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Supreme Court Sides with Worker in Retaliation Suit


The Supreme Court has issued a major employment discrimination decision giving new protection from retaliation to workers who file discrimination claims. The ruling has civil rights lawyers applauding and the business community worrying.

NPR legal affairs correspondent Nina Totenberg reports.


The nation's civil rights laws bar not only discrimination but retaliation against those who file discrimination charges. At issue in this case, was what kind of employer actions are considered retaliation, under the law.

The business community, backed by the Bush administration, wanted to limit the definition of retaliation to actions that cause economic harm, like firing and demotion. That view got just one Supreme Court vote yesterday, cast by Justice Samuel Alito, the court's newest member. All other eight justices said the civil rights law is much broader and bans any action aimed at dissuading a reasonable person from filing a discrimination claim.

The decision came in the case of Sheila White, a 5'1" forklift operator, who was the first woman hired by the Burlington Northern Railroad to work on the tracks in Tennessee. When she complained of sexual harassment, she was reassigned from the forklift to repairing tracks, a job that meant lifting 100-pound jackhammers, hauling rocks, and longer hours. After she filed a retaliation claim with the EEOC, she was suspended without pay, only to be reinstated with back pay 37 days later.

Ms. SHEILA WHITE (Victim of Employer Retaliation): That 37 days were the worst days I want to think of. Two children in school, and I was the supporter, and no income coming in at all.

TOTENBERG: The company's position was that it had the right to move her to other duties and that she'd been compensated for her suspension. A jury, however, awarded her $43,000 in damages for illegal retaliation, and the company appealed - all the way to the Supreme Court.

Yesterday, writing for an eight-member court majority, Justice Stephen Breyer said that retaliation comes in all forms. It's not limited to matters of hiring, firing, demotion, or permanent pay loss. Being without pay for 37 days, he noted, can be a great hardship, as it was in this case. So too, is being transferred to a far more physically demanding, dirtier, and less prestigious job, as in this case.

But, Breyer said, there are limits to what may be considered retaliation. An action must be something beyond the ordinary tribulations of the workplace -something more than sporadic use of abusive language or petty slights. On the other hand, he said, what may be trivial to one worker may be seriously adverse to another. For example, a schedule change may make little difference to most workers, but may matter enormously to a young mother with school-aged children.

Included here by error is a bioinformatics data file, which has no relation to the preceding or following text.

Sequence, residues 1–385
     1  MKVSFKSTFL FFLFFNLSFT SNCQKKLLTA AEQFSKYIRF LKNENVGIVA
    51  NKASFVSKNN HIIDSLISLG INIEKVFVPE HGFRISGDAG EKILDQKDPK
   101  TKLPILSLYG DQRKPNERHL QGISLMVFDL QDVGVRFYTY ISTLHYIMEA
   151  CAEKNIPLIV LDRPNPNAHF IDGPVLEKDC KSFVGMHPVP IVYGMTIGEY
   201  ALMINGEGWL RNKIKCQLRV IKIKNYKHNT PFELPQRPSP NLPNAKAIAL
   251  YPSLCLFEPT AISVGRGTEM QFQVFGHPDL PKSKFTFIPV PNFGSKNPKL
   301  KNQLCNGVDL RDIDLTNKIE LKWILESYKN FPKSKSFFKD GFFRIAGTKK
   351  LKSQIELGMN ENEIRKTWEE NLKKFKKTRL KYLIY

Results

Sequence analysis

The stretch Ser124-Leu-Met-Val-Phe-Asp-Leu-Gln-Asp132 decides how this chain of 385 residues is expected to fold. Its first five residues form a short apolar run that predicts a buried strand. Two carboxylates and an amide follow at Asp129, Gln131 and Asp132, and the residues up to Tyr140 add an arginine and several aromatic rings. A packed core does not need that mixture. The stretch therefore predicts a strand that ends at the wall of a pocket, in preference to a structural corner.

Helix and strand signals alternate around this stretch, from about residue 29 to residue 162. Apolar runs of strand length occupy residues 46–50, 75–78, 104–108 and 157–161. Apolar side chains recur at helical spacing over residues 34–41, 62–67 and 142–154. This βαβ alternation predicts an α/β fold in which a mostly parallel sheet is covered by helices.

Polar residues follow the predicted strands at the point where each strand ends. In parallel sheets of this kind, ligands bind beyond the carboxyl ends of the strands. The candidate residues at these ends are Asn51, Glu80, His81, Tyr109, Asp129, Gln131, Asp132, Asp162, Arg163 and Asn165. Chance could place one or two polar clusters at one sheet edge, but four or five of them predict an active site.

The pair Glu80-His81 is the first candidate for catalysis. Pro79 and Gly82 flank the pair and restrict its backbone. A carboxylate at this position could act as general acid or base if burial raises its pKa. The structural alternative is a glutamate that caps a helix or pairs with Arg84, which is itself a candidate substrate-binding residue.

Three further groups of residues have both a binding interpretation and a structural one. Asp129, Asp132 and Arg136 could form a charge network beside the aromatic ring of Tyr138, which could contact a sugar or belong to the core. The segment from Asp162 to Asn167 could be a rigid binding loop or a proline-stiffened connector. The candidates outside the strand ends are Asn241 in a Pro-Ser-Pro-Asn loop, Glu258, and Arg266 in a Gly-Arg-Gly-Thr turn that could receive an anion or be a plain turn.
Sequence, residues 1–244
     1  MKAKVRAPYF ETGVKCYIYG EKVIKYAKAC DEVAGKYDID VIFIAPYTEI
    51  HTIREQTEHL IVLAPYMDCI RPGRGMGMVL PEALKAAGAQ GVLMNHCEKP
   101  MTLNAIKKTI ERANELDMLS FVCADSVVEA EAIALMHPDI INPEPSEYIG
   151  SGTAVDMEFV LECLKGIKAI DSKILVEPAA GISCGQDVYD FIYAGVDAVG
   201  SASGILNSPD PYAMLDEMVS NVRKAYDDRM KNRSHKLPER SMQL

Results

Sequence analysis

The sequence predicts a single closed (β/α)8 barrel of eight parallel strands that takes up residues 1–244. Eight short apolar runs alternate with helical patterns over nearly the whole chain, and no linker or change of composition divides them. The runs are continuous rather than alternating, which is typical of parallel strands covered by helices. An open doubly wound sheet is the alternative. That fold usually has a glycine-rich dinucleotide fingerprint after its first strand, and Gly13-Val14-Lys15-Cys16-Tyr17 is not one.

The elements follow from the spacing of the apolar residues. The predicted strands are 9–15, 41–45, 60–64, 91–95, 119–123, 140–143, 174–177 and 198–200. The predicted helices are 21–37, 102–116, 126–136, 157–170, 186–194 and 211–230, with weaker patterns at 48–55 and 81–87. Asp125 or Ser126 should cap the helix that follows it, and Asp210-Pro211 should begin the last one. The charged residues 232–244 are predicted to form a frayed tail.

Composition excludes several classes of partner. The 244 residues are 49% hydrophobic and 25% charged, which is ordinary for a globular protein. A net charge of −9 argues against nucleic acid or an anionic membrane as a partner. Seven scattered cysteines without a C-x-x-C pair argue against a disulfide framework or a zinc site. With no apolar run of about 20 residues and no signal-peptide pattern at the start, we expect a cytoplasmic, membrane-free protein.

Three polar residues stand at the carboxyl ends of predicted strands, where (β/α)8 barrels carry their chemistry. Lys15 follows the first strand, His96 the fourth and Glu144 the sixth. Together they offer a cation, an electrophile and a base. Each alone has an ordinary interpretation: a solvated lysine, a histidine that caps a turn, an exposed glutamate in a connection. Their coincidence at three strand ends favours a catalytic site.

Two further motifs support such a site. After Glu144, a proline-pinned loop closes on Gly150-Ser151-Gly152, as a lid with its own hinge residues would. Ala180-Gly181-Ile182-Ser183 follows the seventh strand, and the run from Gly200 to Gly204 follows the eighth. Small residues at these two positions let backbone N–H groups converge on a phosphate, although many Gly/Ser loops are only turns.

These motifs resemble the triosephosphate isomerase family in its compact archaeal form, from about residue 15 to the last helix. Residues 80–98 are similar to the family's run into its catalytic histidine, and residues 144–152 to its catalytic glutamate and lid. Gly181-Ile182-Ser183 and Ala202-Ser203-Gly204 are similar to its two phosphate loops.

Civil rights lawyers were both relieved and elated: relieved that the court had so thoroughly rejected an effort to restrict civil rights laws.

Marsha Greenberger of the National Women's Law Center.

Ms. MARSHA GREENBERGER (Co-President, National Women's Law Center): The loophole that the administration tried to advance, along with the company, was rejected by all except Justice Alito.

TOTENBERG: Elated, too, that the court ruling will mark a sea change in the law, in many parts of the country, where lower courts had made retaliation claims hard to win.

Donald Donati represents Sheila White.

Mr. DONALD DONATI (Attorney for Sheila White): For employees, it's an amazing victory. It changes the course of law. It's going to make it easier for people to complain about discrimination.

TOTENBERG: But business leaders were worried by the court's decision, worried that anyone who files a discrimination charge will now be untouchable on the job. Steve Bokat is general counsel for the U.S. Chamber of Commerce.

Mr. STEVE BOKAT (General Council, U.S. Chamber of Commerce): I think the inclination, of course, is going to be to err on the side of not taking any even slightly adverse action against an employee with a pending discrimination charge.

TOTENBERG: As for Sheila White, the rigors of track work resulted in a permanent disability, and she's no longer employed. She said yesterday she's thrilled at her overwhelming Supreme Court victory.

Ms. WHITE: They all wanted justice, the fair way.

TOTENBERG: Nina Totenberg, NPR News, Washington. Transcript provided by NPR, Copyright NPR.

Nina Totenberg is NPR's award-winning legal affairs correspondent. Her reports air regularly on NPR's critically acclaimed newsmagazines All Things Considered, Morning Edition, and Weekend Edition.